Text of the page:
2) Glad, happy, joyful; Meghadūta 4.

3) Content.

4) Dear, beloved.

5) Kind, affectionate.

-tam 1 Jest, mirth.

2) Delight, pleasure.

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Prītā (प्रीता).—A symbolic expression for the sound (ṣa); Rām. Up.

Source: Cologne Digital Sanskrit Dictionaries: Shabda-Sagara Sanskrit-English Dictionary

Prīta (प्रीत).—mfn.

(-taḥ-tā-taṃ) 1. Pleased, happy, glad. 2. Pleased or satisfied with. 3. Gracicus, kind, affectionate. 4. Beloved, dear to. n.

(-taṃ) Pleasure, delight. E. prī to please, aff. kta .

Source: Cologne Digital Sanskrit Dictionaries: Cappeller Sanskrit-English Dictionary

Prīta (प्रीत).—[adjective] pleased, satisfied with ([instrumental], [locative], or —°), glad, cheerful; loved, dear.

Source: Cologne Digital Sanskrit Dictionaries: Monier-Williams Sanskrit-English Dictionary

1) Prīta (प्रीत):—[from prī] mfn. pleased, delighted, satisfied, joyful, glad

2) [v.s. ...] pl° or d° or s° with, j° at, g° of (with [instrumental case] [locative case] [genitive case], or ifc.), [Ṛg-veda] etc. etc.

3) [v.s. ...] beloved, dear to ([genitive case] or [compound]), [Cāṇakya; Hitopadeśa]

4) [v.s. ...] kind (as speech), [Hitopadeśa]

5) Prītā (प्रीता):—[from prīta > prī] f. a symbolical expression for the sound , [Rāmatāpanīya-upaniṣad] ([varia lectio] pītā)

6) Prīta (प्रीत):—[from prī] n. jest, mirth, [cf. Lexicographers, esp. such as amarasiṃha, halāyudha, hemacandra, etc.]

7) [v.s. ...] pleasure, delight, [Horace H. Wilson]

Source: Cologne Digital Sanskrit Dictionaries: Yates Sanskrit-English Dictionary

Prīta (प्रीत):—[(taḥ-tā-taṃ) a.] Pleased; kind; beloved. n. Pleasure, delight.

Source: DDSA: Paia-sadda-mahannavo; a comprehensive Prakrit Hindi dictionary (S)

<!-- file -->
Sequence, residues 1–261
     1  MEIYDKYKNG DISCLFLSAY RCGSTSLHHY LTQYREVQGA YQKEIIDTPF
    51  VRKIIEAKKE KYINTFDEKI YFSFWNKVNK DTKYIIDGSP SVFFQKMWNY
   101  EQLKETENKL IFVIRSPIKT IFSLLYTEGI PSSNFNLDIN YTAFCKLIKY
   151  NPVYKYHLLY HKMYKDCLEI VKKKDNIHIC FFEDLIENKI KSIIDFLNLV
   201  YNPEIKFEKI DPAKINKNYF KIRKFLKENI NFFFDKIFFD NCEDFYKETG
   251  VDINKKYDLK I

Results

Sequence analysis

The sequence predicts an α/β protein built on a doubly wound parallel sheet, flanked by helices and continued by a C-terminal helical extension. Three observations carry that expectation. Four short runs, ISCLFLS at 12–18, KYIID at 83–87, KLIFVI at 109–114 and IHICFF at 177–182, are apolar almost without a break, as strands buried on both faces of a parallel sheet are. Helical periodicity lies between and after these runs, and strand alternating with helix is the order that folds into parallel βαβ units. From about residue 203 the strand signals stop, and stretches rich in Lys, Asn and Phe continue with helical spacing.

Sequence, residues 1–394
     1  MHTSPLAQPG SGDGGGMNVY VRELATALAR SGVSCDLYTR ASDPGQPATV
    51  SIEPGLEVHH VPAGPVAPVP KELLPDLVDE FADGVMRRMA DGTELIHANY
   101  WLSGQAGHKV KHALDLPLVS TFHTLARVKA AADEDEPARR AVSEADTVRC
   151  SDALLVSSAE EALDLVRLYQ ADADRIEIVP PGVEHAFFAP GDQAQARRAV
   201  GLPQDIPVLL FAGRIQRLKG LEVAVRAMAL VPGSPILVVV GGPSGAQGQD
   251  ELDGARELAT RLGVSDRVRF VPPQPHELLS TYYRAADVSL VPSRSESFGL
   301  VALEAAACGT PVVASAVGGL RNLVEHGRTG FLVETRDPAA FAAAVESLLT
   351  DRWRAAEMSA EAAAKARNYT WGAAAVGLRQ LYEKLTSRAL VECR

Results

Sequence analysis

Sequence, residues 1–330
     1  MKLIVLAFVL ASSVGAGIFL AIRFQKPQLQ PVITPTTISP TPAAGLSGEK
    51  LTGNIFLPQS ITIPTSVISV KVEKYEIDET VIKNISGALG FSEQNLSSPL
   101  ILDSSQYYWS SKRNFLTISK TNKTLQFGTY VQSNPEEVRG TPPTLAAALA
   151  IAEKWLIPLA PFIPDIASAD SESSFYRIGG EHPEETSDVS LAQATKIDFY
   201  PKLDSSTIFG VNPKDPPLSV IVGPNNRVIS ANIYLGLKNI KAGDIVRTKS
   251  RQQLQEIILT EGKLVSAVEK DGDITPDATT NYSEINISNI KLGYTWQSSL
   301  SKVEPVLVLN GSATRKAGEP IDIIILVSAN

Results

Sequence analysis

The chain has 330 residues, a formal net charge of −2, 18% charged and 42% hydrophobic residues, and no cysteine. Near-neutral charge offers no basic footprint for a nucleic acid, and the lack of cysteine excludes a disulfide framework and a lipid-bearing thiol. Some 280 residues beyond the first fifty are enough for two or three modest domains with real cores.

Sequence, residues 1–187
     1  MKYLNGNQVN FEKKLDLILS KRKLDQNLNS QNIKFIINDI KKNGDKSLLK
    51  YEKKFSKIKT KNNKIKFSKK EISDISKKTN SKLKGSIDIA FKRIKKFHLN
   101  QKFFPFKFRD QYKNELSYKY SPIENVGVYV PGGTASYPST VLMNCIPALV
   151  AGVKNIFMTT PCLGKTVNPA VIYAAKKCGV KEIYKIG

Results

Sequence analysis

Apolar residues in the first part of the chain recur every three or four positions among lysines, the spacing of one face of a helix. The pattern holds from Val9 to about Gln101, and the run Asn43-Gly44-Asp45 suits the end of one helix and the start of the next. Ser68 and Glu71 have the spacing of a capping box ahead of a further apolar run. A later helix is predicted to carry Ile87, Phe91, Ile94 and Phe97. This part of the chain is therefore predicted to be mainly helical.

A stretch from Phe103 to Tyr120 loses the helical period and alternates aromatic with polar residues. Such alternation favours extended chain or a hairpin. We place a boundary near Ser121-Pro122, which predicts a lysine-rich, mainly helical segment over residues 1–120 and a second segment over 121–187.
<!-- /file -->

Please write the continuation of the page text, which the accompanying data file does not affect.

Prīta (प्रीत) in the Sanskrit language is related to the Prakrit word: Pīa.

[Sanskrit to German]

Prita in German

context information

Sanskrit, also spelled संस्कृतम् (saṃskṛtam), is an ancient language of India commonly seen as the grandmother of the Indo-European language family (even English!). Closely allied with Prakrit and Pali, Sanskrit is more exhaustive in both grammar and terms and has the most extensive collection of literature in the world, greatly surpassing its sister-languages Greek and Latin.

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Hindi dictionary

Source: DDSA: A practical Hindi-English dictionary

Prīta (प्रीत):—(nf) see [prīti].

context information


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Kannada-English dictionary

Source: Alar: Kannada-English corpus

Prīta (ಪ್ರೀತ):—

1) [adjective] satisfied; gratified.

2) [adjective] pleased; delighted.

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Prīta (ಪ್ರೀತ):—

1) [noun] a satisfied, gratified man.

2) [noun] a man who is pleased, delighted.

3) [noun] a beloved man.

context information

Kannada is a Dravidian language (as opposed to the Indo-European language family) mainly spoken in the southwestern region of India.